Sukuk from borrowers in the largest Arab economy may more than double to $4.5 billion this year from $2.1 billion in 2009, as a “scarcity” of local notes that comply with the religion’s ban on interest bolsters demand from local banks, according to Riyadh-based HSBC Saudi Arabia Ltd.
“There’s going to be a reasonable amount of sukuk supply this year,” Rajiv Shukla, managing director and head of global capital finance at HSBC Saudi Arabia in Riyadh, a unit of HSBC Holdings Plc, said in an interview yesterday. “Saudi Arabia has been a steady supplier."
Saudi Electricity Co., the Arab world’s largest utility, and Dar Al Arkan Real Estate Development Co., the biggest Saudi developer by market value, led sales of the bonds so far in 2010, according to data compiled by Bloomberg. Saudi Arabia is rated Aa3 by Moody’s Investors Service and AA- by Standard & Poor’s, the fourth-highest rankings.
The average yield on sukuk sold by Gulf Cooperation Council issuers fell 17 basis points to 6.77 percent on July 30, according to the HSBC/NASDAQ Dubai GCC US Dollar Sukuk Index. It’s still up from the year’s low of 6.6 percent on April 15.
State-controlled Saudi Electricity sold 7 billion riyals ($1.9 billion) of 20-year Islamic bonds in May at 95 basis points more than the three-month Saudi riyal interbank offered rate. That compares with a spread of 160 basis points on 7 billion riyals of similar-maturity debt in June 2009. The company may issue sukuk overseas in 2011, Executive Director of Treasury Fahad Alsudairy said on May 18.
“The new sales will entirely or almost entirely be riyal- denominated,” said Shukla at the unit of Europe’s largest lender. “Local Saudi banks are very flush with riyals and there has been scarcity of riyal-denominated paper.”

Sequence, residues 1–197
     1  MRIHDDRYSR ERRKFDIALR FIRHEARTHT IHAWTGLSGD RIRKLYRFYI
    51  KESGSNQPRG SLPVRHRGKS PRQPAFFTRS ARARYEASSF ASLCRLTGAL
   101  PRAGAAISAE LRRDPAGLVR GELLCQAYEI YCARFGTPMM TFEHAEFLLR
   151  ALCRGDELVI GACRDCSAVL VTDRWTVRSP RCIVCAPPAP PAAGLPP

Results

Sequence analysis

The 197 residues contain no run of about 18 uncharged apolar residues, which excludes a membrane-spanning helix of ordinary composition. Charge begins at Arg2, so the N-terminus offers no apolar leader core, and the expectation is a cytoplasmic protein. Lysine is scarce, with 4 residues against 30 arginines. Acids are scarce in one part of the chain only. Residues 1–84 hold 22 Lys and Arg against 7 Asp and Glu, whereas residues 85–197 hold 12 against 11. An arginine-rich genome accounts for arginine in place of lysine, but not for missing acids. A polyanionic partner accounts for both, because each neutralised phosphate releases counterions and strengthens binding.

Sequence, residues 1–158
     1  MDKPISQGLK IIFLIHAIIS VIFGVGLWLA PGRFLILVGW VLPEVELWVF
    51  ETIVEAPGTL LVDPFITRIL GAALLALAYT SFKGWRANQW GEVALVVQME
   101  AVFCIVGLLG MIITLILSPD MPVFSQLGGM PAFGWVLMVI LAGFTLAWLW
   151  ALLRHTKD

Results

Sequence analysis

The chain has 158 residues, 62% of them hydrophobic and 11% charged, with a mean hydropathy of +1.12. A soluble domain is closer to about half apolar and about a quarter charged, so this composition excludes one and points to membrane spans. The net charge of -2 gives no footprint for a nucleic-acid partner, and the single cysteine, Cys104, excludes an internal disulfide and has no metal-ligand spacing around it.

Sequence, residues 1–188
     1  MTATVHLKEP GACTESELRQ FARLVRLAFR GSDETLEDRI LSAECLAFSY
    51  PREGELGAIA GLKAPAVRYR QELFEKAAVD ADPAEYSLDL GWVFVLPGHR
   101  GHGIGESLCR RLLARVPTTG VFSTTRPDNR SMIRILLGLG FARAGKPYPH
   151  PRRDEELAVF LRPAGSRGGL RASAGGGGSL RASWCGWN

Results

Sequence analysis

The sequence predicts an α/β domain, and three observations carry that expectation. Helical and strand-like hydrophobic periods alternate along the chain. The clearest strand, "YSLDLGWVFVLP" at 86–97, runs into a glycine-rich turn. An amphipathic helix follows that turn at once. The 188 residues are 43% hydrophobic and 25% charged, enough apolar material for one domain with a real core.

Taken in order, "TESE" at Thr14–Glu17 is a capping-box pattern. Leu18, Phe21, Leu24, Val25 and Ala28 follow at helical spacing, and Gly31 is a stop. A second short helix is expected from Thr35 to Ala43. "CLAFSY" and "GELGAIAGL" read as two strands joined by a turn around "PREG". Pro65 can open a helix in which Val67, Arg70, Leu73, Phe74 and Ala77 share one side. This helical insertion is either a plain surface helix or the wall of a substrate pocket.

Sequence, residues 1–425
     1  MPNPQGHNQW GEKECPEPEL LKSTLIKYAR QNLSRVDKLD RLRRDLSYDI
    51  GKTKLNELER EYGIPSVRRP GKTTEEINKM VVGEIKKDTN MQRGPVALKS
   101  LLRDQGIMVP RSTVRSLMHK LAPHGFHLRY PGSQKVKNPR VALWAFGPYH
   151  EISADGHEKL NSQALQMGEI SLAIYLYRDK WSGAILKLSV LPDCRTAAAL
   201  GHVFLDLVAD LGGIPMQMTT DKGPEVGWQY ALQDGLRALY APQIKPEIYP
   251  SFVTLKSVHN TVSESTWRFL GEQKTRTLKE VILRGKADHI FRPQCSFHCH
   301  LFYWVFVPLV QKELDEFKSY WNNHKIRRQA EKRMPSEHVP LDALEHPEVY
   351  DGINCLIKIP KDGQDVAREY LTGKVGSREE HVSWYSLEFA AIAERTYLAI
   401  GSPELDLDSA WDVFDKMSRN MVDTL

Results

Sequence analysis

Banks tightened rules for lending after Saad Group, the business owned by Saudi billionaire Maan al-Sanea, and Ahmad Hamad Al-Gosaibi & Brothers Co. defaulted on loans last year after borrowing at least $15.7 billion from about 80 banks. Dubai World said in November it was seeking to renegotiate liabilities.
Sales of Islamic notes from companies in the Gulf have dropped 24 percent to $2.5 billion so far in 2010, the lowest level since 2005, data compiled by Bloomberg show. Twenty-six companies from Malaysia raised 9.6 billion ringgit ($3 billion) from sukuk sales in the period, according to the data. Islamic debt is typically backed by assets or cash flows because of Shariah law’s ban on interest.
National Bank of Abu Dhabi PJSC, the United Arab Emirates’ second-largest lender by assets, sold 500 million ringgit in the only Islamic debt offering from the emirate this year.
“It may not be easy for Gulf countries to lead sukuk issuance because real estate, the most trusted underlying asset for sukuk, is in crisis in the region,” Pervez Said, chief executive officer of Dawood Islamic Bank Ltd., said in an interview in Karachi on July 30. “The underlying asset for a sukuk must have credibility and when the real estate has lost its value, investors will be reluctant to buy the bond.”
Dubai World, which is renegotiating terms on $23.5 billion of liabilities, said on July 22 it expects to complete the agreement in “coming months.” Property unit Nakheel PJSC, which held a separate meeting with its lenders July 14, said a group of creditors representing banks “unanimously supported” a proposal on terms of $10.5 billion of loans and unpaid bills.
The yield on the Dubai Department of Finance’s 6.396 percent sukuk due in November 2014 fell 20 basis points to 7.17 percent on July 30, according to data compiled by Bloomberg. The difference over similar-maturity U.S. Treasuries has widened to 582 basis points from 406 when the debt was sold in October.
The difference in yield between the Dubai bonds and the Malaysian government’s 3.928 percent Islamic note due June 2015 has widened 41 basis points since May 31 to 415 basis points, according to data compiled by Bloomberg.
Saudi Binladin Group issued a 700 million riyal sukuk last month through a private placement to Saudi investors as the Jeddah-based company expands, lead manager HSBC Saudi Arabia said on July 17.
“There is liquidity in the system both from the institutional side to large companies that want to place their cash in Islamic paper,” John Sfakianakis, chief economist at Banque Saudi Fransi in Riyadh, said yesterday. “The supply is coming from capital investments the kingdom is undertaking.”